All LIRR trains have a Train Engineer who operates the train, and a Conductor who is responsible for the safe movement of the train, fare collection and on-board customer service. In addition, train may have one or more assistant conductors to assist with fare collection and other duties. The LIRR is one of the last railroads to use local interlocking control towers to regulate rail traffic in the United States.
As of 2016, the LIRR has 8 active control towers. All movements on the LIRR are under the control of the Movement Bureau in Jamaica, which gives orders to the towers that control a specific portion of the railroad. Movements in Amtrak territory are controlled by Penn Station Control Center or PSCC, run jointly by the LIRR and Amtrak. The PSCC controls as far east as Harold Interlocking, in Sunnyside, Queens. The PSCC replaced several towers. The Jamaica Control Center, operational since the third quarter of 2010, controls the area around Jamaica terminal by direct control of interlockings. This replaced several towers in Jamaica including Jay and Hall towers at the west and east ends of Jamaica station respectively. At additional locations, line side towers control the various switches and signals in accordance with the timetable and under the direction of the Movement Bureau in Jamaica.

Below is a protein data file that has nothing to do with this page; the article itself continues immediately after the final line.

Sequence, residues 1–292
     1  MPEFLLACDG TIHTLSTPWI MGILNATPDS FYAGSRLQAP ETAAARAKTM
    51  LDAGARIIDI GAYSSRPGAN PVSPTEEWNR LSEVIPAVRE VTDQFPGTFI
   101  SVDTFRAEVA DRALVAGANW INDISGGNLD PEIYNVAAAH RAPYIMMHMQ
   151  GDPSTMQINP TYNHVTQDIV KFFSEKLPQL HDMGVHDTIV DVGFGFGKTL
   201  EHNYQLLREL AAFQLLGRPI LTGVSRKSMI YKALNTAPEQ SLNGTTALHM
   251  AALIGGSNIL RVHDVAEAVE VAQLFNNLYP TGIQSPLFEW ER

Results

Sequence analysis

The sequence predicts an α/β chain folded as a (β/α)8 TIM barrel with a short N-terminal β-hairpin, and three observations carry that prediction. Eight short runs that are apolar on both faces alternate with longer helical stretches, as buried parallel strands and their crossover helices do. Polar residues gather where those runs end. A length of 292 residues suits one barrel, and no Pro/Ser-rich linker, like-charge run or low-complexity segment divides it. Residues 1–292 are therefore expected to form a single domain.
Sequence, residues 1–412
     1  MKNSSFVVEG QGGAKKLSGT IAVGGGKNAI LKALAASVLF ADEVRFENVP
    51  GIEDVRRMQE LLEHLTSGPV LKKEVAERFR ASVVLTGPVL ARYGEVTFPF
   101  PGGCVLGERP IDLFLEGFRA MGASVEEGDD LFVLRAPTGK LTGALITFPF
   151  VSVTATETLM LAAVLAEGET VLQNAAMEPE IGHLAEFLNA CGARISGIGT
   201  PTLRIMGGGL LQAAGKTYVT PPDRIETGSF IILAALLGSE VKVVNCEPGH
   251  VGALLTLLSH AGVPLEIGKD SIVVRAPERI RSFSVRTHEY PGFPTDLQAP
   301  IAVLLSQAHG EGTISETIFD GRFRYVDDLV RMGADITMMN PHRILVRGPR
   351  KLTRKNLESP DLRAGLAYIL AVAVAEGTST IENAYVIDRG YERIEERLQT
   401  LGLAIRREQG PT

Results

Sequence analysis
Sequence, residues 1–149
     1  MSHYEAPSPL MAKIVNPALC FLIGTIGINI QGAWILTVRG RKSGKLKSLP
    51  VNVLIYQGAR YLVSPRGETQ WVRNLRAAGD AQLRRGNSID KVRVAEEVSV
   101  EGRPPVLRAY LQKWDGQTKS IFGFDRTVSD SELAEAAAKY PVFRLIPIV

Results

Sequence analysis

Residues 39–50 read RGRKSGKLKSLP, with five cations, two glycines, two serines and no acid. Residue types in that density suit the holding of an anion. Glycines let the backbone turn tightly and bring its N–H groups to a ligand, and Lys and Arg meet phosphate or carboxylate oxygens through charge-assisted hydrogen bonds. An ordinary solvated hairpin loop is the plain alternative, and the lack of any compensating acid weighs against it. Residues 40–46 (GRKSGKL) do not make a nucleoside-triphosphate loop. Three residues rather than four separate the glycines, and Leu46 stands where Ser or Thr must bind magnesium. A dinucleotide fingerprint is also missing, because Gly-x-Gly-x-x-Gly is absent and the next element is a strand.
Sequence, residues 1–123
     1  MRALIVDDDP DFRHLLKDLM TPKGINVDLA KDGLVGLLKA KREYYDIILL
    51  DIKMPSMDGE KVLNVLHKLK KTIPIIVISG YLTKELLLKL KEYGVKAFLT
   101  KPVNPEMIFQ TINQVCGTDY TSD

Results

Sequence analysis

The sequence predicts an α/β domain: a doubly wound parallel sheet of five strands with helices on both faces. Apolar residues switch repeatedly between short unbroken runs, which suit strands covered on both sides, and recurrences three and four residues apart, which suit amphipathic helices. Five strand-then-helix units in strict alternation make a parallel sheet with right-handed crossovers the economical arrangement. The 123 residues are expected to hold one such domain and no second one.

Signal and safety systems
Today's LIRR signal system has evolved from its legacy Pennsylvania Railroad-based system. The railroad utilizes a variety of wayside railroad signals including position light, color light and dwarf signals. In addition, much of the LIRR is equipped with a bi-directional Pulse code cab signaling called automatic speed control (ASC), though portions of the railway still retain single direction wayside only signalling. Unlike other railroads which began using color light signals in the 20th century, the LIRR did not begin using signals with color lights on its above ground sections until 2006. Some portions of the railway lack automatic signals and cab signals completely, instead train and track car movements are governed only by timetable and verbal/written train orders.